Healing Heat: Harnessing Infection to Fight Cancer
Modern immunology plus historic experiments suggest a better way to gear up the human immune system to battle malignant disease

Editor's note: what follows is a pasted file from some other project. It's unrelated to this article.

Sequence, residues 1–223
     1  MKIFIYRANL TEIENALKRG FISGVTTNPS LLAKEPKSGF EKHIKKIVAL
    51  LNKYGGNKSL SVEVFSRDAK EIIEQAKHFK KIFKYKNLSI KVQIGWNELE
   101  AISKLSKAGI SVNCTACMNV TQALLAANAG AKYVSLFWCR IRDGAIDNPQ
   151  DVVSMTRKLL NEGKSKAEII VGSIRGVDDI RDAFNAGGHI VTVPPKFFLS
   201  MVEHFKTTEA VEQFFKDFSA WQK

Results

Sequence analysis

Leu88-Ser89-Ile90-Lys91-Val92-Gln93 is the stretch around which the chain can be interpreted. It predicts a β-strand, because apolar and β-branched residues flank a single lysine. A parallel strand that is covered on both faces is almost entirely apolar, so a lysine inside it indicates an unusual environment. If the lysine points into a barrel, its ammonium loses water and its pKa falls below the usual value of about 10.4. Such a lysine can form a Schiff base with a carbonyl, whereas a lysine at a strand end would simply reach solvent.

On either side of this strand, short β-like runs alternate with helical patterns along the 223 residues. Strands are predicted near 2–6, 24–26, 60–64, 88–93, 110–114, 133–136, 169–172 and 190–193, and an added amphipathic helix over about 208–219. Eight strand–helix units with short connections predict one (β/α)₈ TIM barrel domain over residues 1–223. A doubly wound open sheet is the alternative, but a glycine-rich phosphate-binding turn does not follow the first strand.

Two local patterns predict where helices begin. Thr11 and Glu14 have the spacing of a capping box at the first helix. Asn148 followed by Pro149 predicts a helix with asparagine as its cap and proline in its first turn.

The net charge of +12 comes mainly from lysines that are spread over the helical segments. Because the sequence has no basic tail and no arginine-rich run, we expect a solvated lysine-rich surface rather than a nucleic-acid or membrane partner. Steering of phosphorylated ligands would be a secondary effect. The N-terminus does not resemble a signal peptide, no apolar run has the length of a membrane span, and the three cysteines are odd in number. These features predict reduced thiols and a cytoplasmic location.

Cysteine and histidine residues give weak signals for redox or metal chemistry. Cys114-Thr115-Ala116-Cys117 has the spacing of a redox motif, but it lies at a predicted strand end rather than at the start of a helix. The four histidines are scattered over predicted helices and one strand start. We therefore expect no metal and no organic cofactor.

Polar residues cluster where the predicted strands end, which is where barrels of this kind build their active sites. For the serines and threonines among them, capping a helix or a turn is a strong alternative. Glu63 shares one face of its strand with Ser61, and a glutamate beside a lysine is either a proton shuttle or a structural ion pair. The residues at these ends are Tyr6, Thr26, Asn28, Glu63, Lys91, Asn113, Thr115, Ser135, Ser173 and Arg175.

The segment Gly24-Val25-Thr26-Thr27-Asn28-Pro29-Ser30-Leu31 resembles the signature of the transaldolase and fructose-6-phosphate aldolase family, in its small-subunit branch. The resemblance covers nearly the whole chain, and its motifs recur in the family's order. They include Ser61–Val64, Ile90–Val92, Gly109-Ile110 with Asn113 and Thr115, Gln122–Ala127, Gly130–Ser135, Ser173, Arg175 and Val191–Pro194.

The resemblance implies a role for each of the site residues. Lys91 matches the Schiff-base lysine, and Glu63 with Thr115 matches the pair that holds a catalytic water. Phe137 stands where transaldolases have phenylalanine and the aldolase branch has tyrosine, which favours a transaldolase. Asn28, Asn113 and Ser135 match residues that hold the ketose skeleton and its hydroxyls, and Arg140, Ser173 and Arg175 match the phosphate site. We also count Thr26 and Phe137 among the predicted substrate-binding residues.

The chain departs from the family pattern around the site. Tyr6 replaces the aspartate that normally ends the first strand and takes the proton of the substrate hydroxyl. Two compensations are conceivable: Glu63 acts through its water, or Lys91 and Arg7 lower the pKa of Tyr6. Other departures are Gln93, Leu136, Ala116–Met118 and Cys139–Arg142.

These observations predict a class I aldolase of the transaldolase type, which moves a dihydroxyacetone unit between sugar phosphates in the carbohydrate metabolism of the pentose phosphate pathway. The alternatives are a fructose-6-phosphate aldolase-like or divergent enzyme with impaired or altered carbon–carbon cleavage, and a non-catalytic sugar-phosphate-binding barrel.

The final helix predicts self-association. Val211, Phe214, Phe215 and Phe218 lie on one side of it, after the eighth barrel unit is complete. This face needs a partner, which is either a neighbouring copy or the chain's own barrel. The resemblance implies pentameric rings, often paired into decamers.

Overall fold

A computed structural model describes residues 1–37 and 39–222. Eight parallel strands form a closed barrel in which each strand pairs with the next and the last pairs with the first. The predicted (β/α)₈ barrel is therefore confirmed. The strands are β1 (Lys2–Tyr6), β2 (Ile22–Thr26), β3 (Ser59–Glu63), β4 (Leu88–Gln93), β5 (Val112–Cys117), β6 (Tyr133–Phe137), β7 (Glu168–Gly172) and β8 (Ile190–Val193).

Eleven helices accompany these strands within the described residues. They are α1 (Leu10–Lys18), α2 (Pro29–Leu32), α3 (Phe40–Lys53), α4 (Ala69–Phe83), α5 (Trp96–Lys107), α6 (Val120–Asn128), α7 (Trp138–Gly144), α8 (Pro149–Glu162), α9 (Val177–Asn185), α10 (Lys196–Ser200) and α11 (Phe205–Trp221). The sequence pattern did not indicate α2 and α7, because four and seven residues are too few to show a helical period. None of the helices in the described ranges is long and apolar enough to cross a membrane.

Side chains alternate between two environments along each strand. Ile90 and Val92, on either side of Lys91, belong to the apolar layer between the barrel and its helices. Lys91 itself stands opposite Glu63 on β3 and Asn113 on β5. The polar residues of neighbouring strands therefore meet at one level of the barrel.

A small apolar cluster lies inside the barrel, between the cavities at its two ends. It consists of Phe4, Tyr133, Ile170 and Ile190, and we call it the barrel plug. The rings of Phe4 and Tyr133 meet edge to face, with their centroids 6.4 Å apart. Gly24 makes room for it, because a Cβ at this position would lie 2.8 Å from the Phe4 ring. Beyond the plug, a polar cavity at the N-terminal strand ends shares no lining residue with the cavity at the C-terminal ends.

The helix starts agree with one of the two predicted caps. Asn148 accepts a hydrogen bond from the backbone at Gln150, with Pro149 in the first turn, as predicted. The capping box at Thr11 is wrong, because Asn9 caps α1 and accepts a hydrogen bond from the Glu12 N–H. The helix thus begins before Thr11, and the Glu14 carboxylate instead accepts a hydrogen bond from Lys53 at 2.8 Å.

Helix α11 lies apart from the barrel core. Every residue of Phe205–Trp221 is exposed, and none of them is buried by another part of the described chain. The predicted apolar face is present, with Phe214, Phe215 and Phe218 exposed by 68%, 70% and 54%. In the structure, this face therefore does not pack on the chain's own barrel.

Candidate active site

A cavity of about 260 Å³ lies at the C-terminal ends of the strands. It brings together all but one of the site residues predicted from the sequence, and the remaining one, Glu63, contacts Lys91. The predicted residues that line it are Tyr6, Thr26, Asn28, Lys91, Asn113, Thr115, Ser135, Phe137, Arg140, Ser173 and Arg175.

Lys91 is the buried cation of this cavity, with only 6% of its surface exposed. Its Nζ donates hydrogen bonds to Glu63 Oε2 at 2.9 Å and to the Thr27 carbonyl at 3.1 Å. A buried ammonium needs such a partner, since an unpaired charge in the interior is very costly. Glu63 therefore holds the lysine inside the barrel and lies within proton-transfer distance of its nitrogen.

A co-incidence of high fever and cancer remission has been observed in some people since the 19th century. In fact, New York surgeon William Coley treated some sarcoma cancer patients by injecting bacteria into them to induce infections back in the 1890s. Coley’s outcomes, as well as modern evidence, convince Hobohm that the innate immune system could be better harnessed to attack cancer. The German cell biologist advocates stimulating immunity components—particularly dendritic cells—to fight malignancy.
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